2009 Feb 24 [updated 2022 Dec 1]. In: Adam MP, Everman DB, Mirzaa GM, Pagon RA, Wallace SE, Bean LJH, Gripp KW, Amemiya A, editors. GeneReviews® [Internet]. Seattle (WA): University of Washington, Seattle; 1993–2023.
CLINICAL CHARACTERISTICS: WFS1 spectrum disorder (WFS1-SD) comprises classic WFS1 spectrum disorder and nonclassic WFS1 spectrum disorder.
Classic WFS1-SD, a progressive neurodegenerative disorder, is characterized by onset of diabetes mellitus and optic atrophy before age 16 years. Additional complications may include one or more of the following: variable hearing impairment / deafness, diabetes insipidus, neurologic abnormalities, neurogenic bladder, and psychiatric abnormalities.
Nonclassic WFS1-SD is less common than classic WFS1-SD. Phenotypes that appear to be milder than classic WFS1-SD include: optic atrophy and hearing impairment; neonatal diabetes, profound congenital deafness, and cataracts; isolated diabetes mellitus; isolated congenital cataracts; and isolated congenital, slowly progressive, and low-frequency (<2000 Hz) sensorineural hearing loss.
Classic WFS1-SD. The diagnosis is established in a proband with suggestive findings and biallelic pathogenic (or likely pathogenic) variants in WFS1 identified by molecular genetic testing.
Nonclassic WFS1-SD. The diagnosis is established in a proband with suggestive findings and a heterozygous pathogenic (or likely pathogenic) variant identified by molecular genetic testing.
MANAGEMENT: There is no cure for WFS1-SD.
Treatment of manifestations: Supportive care (based on the manifestations of classic or nonclassic WFS1-SD) is often provided by multidisciplinary specialists in diabetic care, endocrinology, ophthalmology and low vision, audiology, speech-language therapy, neurology, pulmonology, psychiatry / psychology / mental health, urology, gastroenterology, social work, and medical genetics.
Surveillance: For both classic and nonclassic WFS1-SD, regular monitoring of existing manifestations, the response of an individual to supportive care, and the emergence of new manifestations is recommended.
Evaluation of relatives at risk: It is appropriate to clarify the genetic status of apparently asymptomatic at-risk relatives in order to identify as early as possible those who would benefit from prompt initiation of treatment for the earliest manifestations of WFS1-SD: diabetes mellitus, optic atrophy, and sensorineural hearing loss.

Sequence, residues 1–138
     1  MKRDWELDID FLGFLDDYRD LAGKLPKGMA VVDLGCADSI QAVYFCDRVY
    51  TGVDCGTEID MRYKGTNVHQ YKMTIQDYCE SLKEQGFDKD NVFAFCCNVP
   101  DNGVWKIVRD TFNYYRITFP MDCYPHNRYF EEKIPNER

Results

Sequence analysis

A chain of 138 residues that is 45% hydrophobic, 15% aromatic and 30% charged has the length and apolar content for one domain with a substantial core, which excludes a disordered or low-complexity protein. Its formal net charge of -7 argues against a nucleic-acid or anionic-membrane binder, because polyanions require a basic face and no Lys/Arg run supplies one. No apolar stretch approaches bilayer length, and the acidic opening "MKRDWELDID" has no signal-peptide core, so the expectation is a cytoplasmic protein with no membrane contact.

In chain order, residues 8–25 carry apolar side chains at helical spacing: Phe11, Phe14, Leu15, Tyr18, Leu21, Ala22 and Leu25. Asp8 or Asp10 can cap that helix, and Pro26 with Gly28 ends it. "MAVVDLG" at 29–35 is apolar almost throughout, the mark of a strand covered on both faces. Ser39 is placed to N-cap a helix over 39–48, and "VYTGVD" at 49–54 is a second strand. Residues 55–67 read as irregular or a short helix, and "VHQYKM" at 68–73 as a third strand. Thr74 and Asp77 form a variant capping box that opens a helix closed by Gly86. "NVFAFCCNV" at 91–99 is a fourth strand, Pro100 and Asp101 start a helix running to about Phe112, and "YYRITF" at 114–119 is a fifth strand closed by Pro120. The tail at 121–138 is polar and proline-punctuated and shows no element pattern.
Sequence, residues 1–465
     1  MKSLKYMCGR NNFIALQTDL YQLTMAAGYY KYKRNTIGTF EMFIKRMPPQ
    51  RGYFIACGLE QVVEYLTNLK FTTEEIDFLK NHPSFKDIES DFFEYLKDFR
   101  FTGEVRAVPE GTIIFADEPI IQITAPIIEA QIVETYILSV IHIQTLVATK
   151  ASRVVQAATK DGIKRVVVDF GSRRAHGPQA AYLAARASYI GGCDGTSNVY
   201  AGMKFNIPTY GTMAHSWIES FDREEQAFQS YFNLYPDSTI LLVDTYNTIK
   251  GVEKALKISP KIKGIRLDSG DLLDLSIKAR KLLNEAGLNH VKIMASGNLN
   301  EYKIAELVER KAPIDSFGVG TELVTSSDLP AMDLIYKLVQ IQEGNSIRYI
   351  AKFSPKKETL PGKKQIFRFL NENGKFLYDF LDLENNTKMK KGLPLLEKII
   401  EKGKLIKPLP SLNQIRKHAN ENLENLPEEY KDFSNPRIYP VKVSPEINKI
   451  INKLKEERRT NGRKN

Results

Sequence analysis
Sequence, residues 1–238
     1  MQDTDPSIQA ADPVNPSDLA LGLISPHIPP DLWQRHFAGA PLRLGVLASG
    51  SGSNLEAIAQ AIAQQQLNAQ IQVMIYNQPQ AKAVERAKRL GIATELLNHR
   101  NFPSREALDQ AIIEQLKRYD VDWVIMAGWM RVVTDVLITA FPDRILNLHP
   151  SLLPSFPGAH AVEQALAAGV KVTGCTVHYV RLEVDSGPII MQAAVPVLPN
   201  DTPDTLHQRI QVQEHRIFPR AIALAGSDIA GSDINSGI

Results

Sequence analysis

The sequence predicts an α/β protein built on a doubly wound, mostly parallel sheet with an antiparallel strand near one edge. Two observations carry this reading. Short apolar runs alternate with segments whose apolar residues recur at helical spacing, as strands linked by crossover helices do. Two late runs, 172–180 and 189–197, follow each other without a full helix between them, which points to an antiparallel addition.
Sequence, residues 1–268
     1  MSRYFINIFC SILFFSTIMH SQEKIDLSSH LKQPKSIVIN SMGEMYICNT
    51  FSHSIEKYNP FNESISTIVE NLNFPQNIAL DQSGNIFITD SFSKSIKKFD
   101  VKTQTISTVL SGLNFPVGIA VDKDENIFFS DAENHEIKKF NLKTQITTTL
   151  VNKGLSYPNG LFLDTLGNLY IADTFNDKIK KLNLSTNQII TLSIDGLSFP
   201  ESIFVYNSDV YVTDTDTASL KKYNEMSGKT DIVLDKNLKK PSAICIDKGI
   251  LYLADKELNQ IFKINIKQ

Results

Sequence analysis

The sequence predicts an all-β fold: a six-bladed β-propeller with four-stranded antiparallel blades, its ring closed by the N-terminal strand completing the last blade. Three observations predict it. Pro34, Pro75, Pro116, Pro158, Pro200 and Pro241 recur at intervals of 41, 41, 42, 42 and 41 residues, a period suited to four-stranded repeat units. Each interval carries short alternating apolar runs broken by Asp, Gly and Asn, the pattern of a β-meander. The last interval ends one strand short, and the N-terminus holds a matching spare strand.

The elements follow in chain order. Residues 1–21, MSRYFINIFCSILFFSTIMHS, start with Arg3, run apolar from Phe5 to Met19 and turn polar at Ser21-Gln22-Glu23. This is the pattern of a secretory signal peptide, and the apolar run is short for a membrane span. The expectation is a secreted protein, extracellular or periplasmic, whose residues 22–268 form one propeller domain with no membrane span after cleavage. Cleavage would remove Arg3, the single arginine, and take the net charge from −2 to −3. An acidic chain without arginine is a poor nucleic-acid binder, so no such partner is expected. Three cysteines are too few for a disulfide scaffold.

Pregnancy management: Pregnant women with insulin-dependent diabetes mellitus, a characteristic of both classic and nonclassic WFS1-SD, have a two- to eightfold higher risk of having a child with a birth defect or a pattern of birth defects (diabetic embryopathy) than women who do not have diabetes. Optimizing glucose control before and during pregnancy can reduce – but not eliminate – the risk for diabetic embryopathy. Because women with classic WFS1-SD may develop diabetes insipidus during pregnancy, monitoring for diabetes insipidus during pregnancy is warranted. Consultation with a maternal fetal medicine specialist during pregnancy should be considered for all women with WFS1-SD.
Classic WFS1-SD is caused by biallelic WFS1 pathogenic variants and is inherited in an autosomal recessive manner. If both parents are known to be heterozygous for a WFS1 pathogenic variant, each sib of an affected individual has at conception a 25% chance of being affected, a 50% chance of being a carrier, and a 25% chance of inheriting neither of the familial pathogenic variants.
Nonclassic WFS1-SD is caused by a heterozygous pathogenic variant and can either be inherited in an autosomal dominant manner from an affected parent or result from a de novo WFS1 pathogenic variant. If a parent of the proband is affected and/or is known to have the pathogenic variant identified in the proband, the risk to sibs of inheriting the pathogenic variant is 50%. If the WFS1 pathogenic variant identified in the proband cannot be detected in the leukocyte DNA of either parent, the recurrence risk to sibs is estimated to be 1% because of the theoretic possibility of parental germline mosaicism.
Both classic and nonclassic WFS1-SD. Once the WFS1 pathogenic variant(s) have been identified in an affected family member, prenatal and preimplantation genetic testing for classic and nonclassic WFS1-SD are possible.